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Eighth Circuit Greenlights Jail Detainee’s Excessive Force Claim, but Loss at Trial Affirmed on Appeal

by Christopher Zoukis

The Court of Appeals for the Eighth Circuit reversed a district court’s ruling that held a jail detainee’s excessive force and assault and battery claims could not go forward.

Henry M. Davis was arrested in Ferguson, Missouri for driving while intoxicated between 3 and 4 a.m. on September 20, 2009. During the booking process, he was instructed to enter an occupied, one-person cell without a mat. Davis refused unless provided a mat from a nearby stack. Officers John Beaird and Christopher Pillarick called for backup and Officers Michael White, Kim Tihen and William Ballard responded. A “short, bloody fight” ensued, and Davis and White were hospitalized.

Later testimony indicated that White, Beaird and Tihen beat and kicked Davis after he was handcuffed and subdued on the floor. After the incident, Beaird drafted four complaints, each charging Davis with the offense of “property damage” for getting blood on the officers’ uniforms.

Following his release from the hospital, Davis sued the officers and the City of Ferguson. He asserted 42 U.S.C. § 1983 claims against the officers for use of excessive force; he sued the city for municipal liability and Beaird individually for filing false complaints. He also sued the officers individually for assault and battery.

The district court applied an “objective reasonableness” test to the facts related to the excessive force claim. The court then found that “as unreasonable as it may sound, a reasonable officer could have believed that beating a subdued and compliant Mr. Davis while causing only a concussion, scalp laceration, and bruising with almost no permanent damage did not violate the Constitution.”

Perhaps a “reasonable” officer in today’s militarized police forces would think beating a handcuffed prisoner bloody was reasonable if it didn’t result in significant injuries; thankfully, however, the Eighth Circuit did not find that to be reasonable at all, and reversed the district court.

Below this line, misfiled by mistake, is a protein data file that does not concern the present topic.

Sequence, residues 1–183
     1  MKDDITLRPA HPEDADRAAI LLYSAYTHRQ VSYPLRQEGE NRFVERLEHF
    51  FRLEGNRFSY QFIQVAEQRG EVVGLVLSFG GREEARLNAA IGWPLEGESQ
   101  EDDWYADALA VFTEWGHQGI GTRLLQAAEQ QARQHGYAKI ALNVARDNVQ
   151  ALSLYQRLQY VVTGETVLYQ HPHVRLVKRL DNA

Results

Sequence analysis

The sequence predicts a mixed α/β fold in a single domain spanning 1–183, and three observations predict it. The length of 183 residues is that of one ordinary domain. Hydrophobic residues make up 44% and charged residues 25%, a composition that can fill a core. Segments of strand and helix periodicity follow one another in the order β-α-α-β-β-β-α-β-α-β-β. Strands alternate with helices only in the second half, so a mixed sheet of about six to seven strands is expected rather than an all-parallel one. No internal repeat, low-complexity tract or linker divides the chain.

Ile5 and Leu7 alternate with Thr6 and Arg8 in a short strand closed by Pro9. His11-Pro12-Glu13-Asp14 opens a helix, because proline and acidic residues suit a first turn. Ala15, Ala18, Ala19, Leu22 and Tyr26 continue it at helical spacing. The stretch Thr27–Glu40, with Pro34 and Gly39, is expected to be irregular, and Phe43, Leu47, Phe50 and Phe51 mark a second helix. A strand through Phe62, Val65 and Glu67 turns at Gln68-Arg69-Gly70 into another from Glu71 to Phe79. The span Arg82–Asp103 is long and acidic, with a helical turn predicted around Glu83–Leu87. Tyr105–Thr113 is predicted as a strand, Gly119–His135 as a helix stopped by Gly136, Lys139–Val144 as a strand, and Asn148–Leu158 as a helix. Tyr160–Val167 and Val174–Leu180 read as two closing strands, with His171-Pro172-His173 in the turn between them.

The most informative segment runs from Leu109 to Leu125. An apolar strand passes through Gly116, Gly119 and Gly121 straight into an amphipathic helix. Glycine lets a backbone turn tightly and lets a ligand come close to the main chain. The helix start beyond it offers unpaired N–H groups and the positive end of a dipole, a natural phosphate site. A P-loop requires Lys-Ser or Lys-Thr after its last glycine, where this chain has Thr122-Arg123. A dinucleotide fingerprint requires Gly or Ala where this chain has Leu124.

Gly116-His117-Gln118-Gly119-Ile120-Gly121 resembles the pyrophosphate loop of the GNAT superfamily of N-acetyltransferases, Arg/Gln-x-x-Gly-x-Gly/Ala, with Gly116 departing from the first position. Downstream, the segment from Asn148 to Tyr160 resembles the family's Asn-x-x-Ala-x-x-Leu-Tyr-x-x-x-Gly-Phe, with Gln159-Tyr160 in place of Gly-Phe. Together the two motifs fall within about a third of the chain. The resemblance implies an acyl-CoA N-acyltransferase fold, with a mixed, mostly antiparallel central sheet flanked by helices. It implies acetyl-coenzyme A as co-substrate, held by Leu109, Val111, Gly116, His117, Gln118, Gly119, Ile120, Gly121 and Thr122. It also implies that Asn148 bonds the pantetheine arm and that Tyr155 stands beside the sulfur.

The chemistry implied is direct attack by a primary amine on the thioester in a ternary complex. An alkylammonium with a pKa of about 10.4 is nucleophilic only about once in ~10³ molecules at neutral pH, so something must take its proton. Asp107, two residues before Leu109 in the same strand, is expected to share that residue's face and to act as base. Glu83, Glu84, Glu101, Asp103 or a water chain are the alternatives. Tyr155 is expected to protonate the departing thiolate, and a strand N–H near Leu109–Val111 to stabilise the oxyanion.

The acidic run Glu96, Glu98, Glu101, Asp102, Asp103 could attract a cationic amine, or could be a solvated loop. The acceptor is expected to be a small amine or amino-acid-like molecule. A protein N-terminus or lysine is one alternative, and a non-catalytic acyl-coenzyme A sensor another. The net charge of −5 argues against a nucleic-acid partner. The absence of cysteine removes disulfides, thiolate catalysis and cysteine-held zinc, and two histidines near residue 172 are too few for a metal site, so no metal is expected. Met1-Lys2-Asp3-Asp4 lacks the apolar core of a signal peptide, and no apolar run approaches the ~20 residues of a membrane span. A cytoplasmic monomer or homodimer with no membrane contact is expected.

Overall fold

The appellate court also reversed the denial of Davis’ assault and battery claims. The lower court had dismissed those claims after finding that officers “acting within the scope of their authority are not liable in tort for injuries arising from their discretionary acts or omissions,” and that the decision to use force against Davis was a valid exercise of discretion.

While the Eighth Circuit agreed that was true, it pointed out that official immunity from allegations such as Davis’ assault and battery claims “does not apply to discretionary acts done in bad faith or with malice.” As it would be impossible to determine at the summary judgment stage that the beating was without bad faith or malice, the district court’s order dismissing the case was reversed. See: Davis v. White, 794 F.3d 1008 (8th Cir. 2015).

Following remand, the case proceeded to a jury trial that began on February 29, 2016 and concluded two days later. During jury selection, the defendants used a peremptory strike to remove the only black juror from the panel. The jury subsequently found for the defendants and David again appealed.

On June 9, 2017 the Eighth Circuit held the district court had not erred in rejecting Davis’ Batson challenge to the striking of the only black juror; further, the Court of Appeals found that racist emails sent by one of the officers had been properly excluded because that officer was not involved in the excessive use of force incident. Also, the district court did not error when it declined to give an adverse inference instruction after the defendants failed to preserve video footage of the incident, finding they had acted negligently but not maliciously. The judgment of the district court was affirmed. See: Davis v. White, 858 F.3d 1155 (8th Cir. 2017).

The defendants subsequently sought litigation costs of almost $5,000 from Davis, but the district court awarded them only $74.98. 

Related legal case

Davis v. White


 

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